Home is where the heart was: Local 1005 locked out


By Matthew Le Blanc

Looking down on Hamilton from the edge of the escarpment, it’s pretty hard not to notice the industrial sector. All that fire, smoke and metal coming together to create a city’s heart even the Tin Man would be proud of. And that’s what U.S Steel, formally known and respected as Stelco, is, Hamilton’s heart. Unfortunately, this past weekend things have potentially come to a standstill for thousands of steel workers with U.S Steel’s decision to close its gates and lockout their employees. Now where’s the heart in that?

The past two years have been awful for some of those living in Hamilton. Parents, children, friends and neighbours have all found themselves out of work and potentially facing something they never thought possible, poverty. People have lost houses, children have gone to bed hungry and relationships have been destroyed over financial difficulties. The situation is an absolute mess. Let’s face it; Stelco’s change in ownership hasn’t helped in the slightest.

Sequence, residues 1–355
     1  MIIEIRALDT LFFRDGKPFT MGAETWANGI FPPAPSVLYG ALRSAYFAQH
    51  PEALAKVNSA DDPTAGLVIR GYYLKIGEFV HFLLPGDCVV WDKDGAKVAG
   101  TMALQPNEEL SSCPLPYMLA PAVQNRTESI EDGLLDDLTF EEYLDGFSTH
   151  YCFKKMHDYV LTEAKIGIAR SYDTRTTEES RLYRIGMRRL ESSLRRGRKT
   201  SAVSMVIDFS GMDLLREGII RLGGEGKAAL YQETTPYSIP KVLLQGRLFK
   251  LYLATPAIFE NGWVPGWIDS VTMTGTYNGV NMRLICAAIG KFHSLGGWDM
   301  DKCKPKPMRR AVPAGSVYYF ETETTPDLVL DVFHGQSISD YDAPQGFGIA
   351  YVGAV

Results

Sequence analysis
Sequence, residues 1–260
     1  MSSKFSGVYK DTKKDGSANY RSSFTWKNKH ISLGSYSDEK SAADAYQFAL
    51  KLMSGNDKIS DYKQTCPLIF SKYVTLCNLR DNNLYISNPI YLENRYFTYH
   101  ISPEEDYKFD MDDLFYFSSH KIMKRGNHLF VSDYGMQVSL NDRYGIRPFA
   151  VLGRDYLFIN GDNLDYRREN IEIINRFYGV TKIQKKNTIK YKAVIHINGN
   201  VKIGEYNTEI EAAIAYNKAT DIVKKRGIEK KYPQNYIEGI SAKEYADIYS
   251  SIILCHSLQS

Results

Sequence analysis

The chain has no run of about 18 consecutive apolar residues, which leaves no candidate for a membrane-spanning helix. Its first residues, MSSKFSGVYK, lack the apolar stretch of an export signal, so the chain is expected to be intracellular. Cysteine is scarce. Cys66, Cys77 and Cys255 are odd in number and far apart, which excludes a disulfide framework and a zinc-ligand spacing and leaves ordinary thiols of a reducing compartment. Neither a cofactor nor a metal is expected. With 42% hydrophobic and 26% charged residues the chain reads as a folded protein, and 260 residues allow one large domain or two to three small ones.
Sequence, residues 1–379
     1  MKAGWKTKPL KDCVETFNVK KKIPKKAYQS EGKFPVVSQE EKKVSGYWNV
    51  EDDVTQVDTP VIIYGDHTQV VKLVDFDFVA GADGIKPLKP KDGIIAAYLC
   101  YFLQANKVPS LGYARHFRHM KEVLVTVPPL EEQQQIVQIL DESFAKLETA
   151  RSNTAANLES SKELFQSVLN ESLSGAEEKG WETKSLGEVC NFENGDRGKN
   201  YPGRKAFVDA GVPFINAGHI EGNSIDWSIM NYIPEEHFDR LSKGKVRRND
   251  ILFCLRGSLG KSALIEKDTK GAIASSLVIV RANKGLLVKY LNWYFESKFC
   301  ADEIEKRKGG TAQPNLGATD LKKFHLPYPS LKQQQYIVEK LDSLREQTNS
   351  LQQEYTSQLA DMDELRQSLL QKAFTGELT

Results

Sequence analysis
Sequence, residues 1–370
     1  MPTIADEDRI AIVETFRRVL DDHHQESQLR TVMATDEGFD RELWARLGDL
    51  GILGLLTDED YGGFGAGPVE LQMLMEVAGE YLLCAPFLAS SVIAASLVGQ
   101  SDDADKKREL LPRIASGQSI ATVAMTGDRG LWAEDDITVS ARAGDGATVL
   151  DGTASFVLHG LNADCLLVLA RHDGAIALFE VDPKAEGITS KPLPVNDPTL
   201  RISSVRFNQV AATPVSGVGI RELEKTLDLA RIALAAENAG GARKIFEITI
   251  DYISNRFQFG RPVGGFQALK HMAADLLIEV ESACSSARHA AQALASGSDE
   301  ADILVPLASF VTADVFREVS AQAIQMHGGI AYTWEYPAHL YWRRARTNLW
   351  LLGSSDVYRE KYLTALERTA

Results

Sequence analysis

Only those directly involved with U.S Steel’s decision making knew whether or not the outcomes were an acceptable risk; possibly they didn’t even care to begin with. What matters is U.S Steel ran Stelco into the ground and will most likely mosey on back to the States after their mass exodus, as the Canadian government smiles and waves. Maybe in a year from now the company will change ownership again or re-emerge under a new name with a lower pay grade and benefits. Who knows, maybe the unthinkable will happen and the gates will reopen in a week or two.

But until then, where do the unemployed go? Why was this allowed to happen in the first place? The answers are left for the unemployed to figure out for themselves. No direction, no guidance, not even an apology. This sort of thing seems to be common place these days. In the end, all that’s needed to stop a city’s heart is a cheap lock and chain. Where’s the Dorothy to our Tin Men? We need her to help get our heart back.

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